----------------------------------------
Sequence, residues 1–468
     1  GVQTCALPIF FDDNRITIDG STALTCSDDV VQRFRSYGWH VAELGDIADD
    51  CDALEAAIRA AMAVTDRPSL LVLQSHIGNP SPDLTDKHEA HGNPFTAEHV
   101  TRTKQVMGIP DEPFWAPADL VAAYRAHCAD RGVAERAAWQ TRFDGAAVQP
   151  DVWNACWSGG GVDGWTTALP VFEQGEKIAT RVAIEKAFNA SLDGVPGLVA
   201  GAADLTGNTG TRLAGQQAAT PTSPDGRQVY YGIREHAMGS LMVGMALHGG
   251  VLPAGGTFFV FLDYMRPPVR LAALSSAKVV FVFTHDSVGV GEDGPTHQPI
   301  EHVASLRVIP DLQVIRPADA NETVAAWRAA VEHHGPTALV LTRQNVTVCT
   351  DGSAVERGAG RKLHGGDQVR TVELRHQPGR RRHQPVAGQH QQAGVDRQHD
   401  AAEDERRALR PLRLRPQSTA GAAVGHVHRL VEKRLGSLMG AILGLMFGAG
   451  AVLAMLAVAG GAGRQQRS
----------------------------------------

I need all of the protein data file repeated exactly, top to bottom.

Sequence, residues 1–468
     1  GVQTCALPIF FDDNRITIDG STALTCSDDV VQRFRSYGWH VAELGDIADD
    51  CDALEAAIRA AMAVTDRPSL LVLQSHIGNP SPDLTDKHEA HGNPFTAEHV
   101  TRTKQVMGIP DEPFWAPADL VAAYRAHCAD RGVAERAAWQ TRFDGAAVQP
   151  DVWNACWSGG GVDGWTTALP VFEQGEKIAT RVAIEKAFNA SLDGVPGLVA
   201  GAADLTGNTG TRLAGQQAAT PTSPDGRQVY YGIREHAMGS LMVGMALHGG
   251  VLPAGGTFFV FLDYMRPPVR LAALSSAKVV FVFTHDSVGV GEDGPTHQPI
   301  EHVASLRVIP DLQVIRPADA NETVAAWRAA VEHHGPTALV LTRQNVTVCT
   351  DGSAVERGAG RKLHGGDQVR TVELRHQPGR RRHQPVAGQH QQAGVDRQHD
   401  AAEDERRALR PLRLRPQSTA GAAVGHVHRL VEKRLGSLMG AILGLMFGAG
   451  AVLAMLAVAG GAGRQQRS